The purpose of this paper is to investigate quality improvement in health care and the manner in which it is presented to the audience. We will look at two methods of "quality improvement" reporting, which are public and private. Both of these methods are presented in a different manner and with different intended audiences. We will also look at patient centered care; which involves the patient's views and concepts, the inherent problems and benefits of this method. We will hope to spread light on how allowing the patients, and the patients' family to interact and participate in the health care process will effect quality improvement. Also, we will see which of the patients benefit the most from this method. Health care staff has a deep impact on "quality improvement." This paper will take a deeper look into how the attitudes of the Health care staff influence quality improvement. Within health care, the staff is responsible for the method of modality delivery. A question will be posed within this paper to see if changes in the thought process, and a shift from industrial medicine to a more nurturing, positive method might increase the patient's chances for recovery, and enhance the facilities' overall "quality improvement."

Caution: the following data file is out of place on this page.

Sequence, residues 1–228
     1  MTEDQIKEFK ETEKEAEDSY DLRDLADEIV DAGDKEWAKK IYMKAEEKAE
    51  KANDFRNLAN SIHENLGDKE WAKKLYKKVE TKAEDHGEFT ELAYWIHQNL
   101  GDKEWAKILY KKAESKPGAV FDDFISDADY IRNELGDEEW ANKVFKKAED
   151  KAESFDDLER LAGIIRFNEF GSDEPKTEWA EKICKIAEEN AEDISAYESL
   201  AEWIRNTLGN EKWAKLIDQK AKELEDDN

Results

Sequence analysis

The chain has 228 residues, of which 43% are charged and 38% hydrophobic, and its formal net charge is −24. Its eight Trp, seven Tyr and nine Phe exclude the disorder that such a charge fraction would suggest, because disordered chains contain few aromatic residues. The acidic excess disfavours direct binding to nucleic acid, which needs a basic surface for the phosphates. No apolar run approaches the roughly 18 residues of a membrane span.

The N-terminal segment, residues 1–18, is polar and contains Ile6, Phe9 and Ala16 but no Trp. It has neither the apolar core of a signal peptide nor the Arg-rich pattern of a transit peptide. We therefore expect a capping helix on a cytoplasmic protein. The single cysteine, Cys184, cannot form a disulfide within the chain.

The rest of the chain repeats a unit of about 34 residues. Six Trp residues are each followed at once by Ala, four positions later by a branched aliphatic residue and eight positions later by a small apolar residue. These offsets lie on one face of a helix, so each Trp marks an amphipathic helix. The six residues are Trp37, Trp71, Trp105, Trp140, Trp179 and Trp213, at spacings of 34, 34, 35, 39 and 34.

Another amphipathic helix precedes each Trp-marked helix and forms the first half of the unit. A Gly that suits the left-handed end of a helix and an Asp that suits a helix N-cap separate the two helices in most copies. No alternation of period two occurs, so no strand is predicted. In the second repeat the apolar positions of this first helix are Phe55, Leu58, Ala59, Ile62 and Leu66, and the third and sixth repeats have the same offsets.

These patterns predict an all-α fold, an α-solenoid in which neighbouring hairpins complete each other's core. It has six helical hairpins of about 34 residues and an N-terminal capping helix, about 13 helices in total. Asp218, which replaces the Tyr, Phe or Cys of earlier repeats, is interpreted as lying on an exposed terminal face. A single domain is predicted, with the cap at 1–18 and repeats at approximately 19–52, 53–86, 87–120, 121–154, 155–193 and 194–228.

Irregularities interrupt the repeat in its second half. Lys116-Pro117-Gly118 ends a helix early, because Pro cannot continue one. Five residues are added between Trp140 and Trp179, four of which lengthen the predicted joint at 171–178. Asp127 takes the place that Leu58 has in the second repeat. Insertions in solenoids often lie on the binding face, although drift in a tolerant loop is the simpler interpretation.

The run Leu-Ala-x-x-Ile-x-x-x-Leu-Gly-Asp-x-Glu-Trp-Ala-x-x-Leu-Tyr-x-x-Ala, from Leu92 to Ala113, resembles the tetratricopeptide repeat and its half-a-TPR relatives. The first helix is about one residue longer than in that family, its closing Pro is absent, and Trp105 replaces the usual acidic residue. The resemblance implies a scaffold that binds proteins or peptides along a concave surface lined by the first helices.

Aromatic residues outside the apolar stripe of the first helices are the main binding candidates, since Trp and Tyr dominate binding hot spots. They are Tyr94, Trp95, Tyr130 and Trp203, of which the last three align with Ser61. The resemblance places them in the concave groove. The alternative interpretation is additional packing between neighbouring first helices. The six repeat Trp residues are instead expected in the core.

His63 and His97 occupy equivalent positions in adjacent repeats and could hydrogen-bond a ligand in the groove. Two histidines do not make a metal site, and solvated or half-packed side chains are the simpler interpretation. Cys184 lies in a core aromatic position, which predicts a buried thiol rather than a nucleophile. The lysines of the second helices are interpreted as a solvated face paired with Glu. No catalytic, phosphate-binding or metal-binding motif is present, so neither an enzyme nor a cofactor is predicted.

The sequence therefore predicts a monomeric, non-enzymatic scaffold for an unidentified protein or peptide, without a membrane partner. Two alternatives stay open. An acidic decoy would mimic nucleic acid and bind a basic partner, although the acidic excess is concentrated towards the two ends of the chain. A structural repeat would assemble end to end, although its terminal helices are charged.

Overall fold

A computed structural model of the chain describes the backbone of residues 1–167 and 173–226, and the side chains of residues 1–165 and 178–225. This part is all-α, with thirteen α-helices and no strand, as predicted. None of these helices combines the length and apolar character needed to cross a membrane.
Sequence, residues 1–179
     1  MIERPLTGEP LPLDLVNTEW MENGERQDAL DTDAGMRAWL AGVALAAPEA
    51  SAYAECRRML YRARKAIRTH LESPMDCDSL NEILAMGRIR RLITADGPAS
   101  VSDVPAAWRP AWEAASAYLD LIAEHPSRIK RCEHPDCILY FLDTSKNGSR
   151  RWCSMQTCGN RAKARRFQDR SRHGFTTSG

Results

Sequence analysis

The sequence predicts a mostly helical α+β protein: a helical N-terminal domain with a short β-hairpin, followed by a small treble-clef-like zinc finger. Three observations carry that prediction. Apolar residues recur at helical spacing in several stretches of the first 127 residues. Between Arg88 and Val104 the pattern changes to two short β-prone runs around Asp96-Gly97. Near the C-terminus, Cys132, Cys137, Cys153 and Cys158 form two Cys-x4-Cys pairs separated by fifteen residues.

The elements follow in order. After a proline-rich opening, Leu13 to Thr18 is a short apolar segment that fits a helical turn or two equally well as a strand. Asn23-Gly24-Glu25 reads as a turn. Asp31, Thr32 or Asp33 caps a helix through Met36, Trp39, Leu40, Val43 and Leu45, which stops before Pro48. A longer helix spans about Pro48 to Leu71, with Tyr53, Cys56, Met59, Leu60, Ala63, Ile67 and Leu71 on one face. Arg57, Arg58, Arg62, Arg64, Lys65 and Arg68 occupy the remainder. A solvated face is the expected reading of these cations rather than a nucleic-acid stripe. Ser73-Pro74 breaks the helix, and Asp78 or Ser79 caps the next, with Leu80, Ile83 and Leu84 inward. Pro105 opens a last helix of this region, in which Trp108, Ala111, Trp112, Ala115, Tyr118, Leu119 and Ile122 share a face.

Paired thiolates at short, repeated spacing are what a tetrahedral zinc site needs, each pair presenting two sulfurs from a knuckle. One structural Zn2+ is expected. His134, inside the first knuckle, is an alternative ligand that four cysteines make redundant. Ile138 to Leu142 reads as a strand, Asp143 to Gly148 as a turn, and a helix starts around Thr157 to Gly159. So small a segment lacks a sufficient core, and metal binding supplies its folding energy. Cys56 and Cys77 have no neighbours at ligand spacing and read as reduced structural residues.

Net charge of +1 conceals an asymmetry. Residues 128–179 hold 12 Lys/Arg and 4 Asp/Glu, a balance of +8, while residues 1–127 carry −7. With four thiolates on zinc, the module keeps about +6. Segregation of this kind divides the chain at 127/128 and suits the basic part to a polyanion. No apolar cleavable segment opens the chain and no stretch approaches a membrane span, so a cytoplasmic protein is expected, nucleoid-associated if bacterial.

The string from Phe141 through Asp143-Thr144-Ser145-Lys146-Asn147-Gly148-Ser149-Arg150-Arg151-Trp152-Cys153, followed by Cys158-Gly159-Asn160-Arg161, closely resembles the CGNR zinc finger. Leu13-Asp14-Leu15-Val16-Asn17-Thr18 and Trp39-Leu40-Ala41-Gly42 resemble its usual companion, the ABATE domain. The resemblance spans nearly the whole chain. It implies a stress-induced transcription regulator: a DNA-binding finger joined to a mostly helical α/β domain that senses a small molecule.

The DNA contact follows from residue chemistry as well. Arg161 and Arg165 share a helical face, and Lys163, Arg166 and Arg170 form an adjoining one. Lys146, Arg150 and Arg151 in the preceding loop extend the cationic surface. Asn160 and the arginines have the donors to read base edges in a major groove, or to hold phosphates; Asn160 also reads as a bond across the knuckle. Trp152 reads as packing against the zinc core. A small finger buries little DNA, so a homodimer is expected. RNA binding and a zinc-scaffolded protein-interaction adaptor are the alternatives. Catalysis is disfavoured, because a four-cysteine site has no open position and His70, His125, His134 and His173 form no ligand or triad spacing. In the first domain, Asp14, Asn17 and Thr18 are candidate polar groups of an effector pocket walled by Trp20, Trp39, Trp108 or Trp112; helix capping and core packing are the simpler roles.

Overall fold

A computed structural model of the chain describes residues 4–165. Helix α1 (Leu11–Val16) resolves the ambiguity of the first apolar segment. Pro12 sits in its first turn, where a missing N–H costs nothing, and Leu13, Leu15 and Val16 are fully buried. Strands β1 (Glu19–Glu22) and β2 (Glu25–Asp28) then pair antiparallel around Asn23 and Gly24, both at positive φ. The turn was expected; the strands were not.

According to the Oxford Dictionary, quality is defined as "the standard of something as measured against other things of a similar kind," and improvement is defined by "a thing that makes something better or is better than something else." In this paper, the author will be examining, measuring and comparing the standard of health care in the United States in both the public and private sectors.
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